This summer, Ariel will be work with Dr. Marsha Freeman, Director of International Women's Rights Action Watch (IWRAW), which is affiliated with the Human Rights Center. He will assist Dr. Freeman in a number of research projects, including one focused on the development of so-called Men's Rights Activists (MRAs) and their resistance to family law reform. He will also accompany Dr. Freeman to the Committee on the Elimination of all forms of Discrimination Against Women meetings in Geneva in July 2014, assisting Dr. Freeman in advocacy and research. He is looking forward to learning the “who’s-who” and inner workings of UN politics.


Danielle Meinhardt
Sierra Club Environmental Law Program
San Francisco, California

Danielle completed a bachelor's degree in geography at the University of Missouri -- Columbia and later re-located to Minnesota to earn a master's degree in geography. She spent time on the Île de la Gonâve in Haiti, where she volunteered at a rural health clinic and helped high school students in their English courses. As an intern at Women on Waves, a Dutch reproductive rights organization, she compiled data on abortion policy and women’s health and helped the organization launch an Internet campaign. These and other experiences solidified Danielle's commitment to working for the public interest. After teaching community college for several years Danielle returned to the University of Minnesota to pursue a law degree and a PhD in geography through the Joint Degree Program in Law, Science & Technology.

The 2014 Human Rights Fellowship will support Danielle's work as a legal intern at the Sierra Club Environmental Law Program in San Francisco, California. The Sierra Club works to protect the environment and public health, and is particularly focused on reducing the threats that climate change poses to people and the ecosystems upon which they rely.


Nathaniel Moore
International Human Rights Clinic
Geneva, Switzerland

Nathaniel Moore will graduate from the University of Minnesota Law School in May of 2014 with certificates in Energy and Environmental Law, International Law, and Human Rights Law. Prior to Law School, Nathaniel worked at a wine vineyard in the drift-less area of Wisconsin, contributed to the work of an international environmental think-tank, and taught English in the West Bank. He graduated from the University of Wisconsin at Madison with a Bachelor of Arts in Political Science and focused on international relations.

Nathaniel’s Human Rights Fellowship work included traveling to Geneva, Switzerland to participate in the U.N. Human Rights Committee’s review of the United States. There, he successfully lobbied the U.N. Human Rights Committee to question the U.S. Delegation on their commitment to fulfilling their obligations under the International Covenant on Civil and Political Rights. During the review, the Committee questioned the delegation with references from the Report drafted by Nathaniel and his colleagues. Following the review, the Committee adopted language in their “Concluding Observations” that mirrored sample “Concluding Observations” created by Nathaniel and his colleagues.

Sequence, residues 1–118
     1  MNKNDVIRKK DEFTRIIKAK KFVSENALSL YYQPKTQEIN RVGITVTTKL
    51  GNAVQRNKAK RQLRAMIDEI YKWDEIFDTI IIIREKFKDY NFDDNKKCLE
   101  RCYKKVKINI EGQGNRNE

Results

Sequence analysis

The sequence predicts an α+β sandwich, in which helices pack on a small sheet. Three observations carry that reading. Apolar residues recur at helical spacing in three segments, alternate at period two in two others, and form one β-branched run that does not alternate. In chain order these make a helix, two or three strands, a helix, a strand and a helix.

Jacob Rhein
Civil Rights Division at the Department of Justice
Washington, D.C., USA

Jacob Rhein is a second-year student at the University of Minnesota Law School and an editor of the Minnesota Law Review. He previously attended the University of St. Thomas, where he received his Bachelor of Arts in Philosophy and his Master of Arts in Catholic studies. This summer, Jacob will be an intern in the Criminal Section of the U.S. Department of Justice Civil Rights Division. He will assist government attorneys with legal research and writing to support the prosecution of violent crimes against federal civil rights.


Leah Tabbert
Gender Justice
Saint Paul, Minnesota

Prior to completing her first year at the University of Minnesota Law School, Leah graduated summa cum laude from St. Norbert College with a Bachelor’s degree in Political Science and Philosophy. While an undergraduate, she was active in LGBT advocacy, serving as co-president of St. Norbert College’s Rainbow Alliance. Leah also had the privilege of interning with the Office of the Public Defender of Green Bay, WI. She would like to practice public interest or employment law in the future.

Leah will complete her Human Rights Fellowship at Gender Justice in St. Paul, MN, during which she looks forward to connecting with the community and furthering LGBT and women’s human rights. Gender Justice is a non-profit legal organization that seeks to reduce the effects of sex, gender, and sexual orientation discrimination. Gender Justice applies a three-part approach to this goal by engaging in impact litigation, policy advocacy, and community education.


Max Zimmerman
International Center for Transitional Justice
New York, New York

Max Zimmerman just completed his first year at the University of Minnesota Law School. He received his B.A. in international affairs from the George Washington University, and his M.A. in international affairs from the New School in New York City. Previously, Max worked with International Crisis Group and Human Rights Watch.

During the summer of 2014, Max’s Human Rights Fellowship will enable him to work with the International Center for Transitional Justice. Max will support the organization’s efforts to assist in promoting justice, accountability, and peace to countries that have seen mass human rights violations in the recent past. His work in the New York office will support projects in Lebanon, Colombia, and Uganda, as well as other places.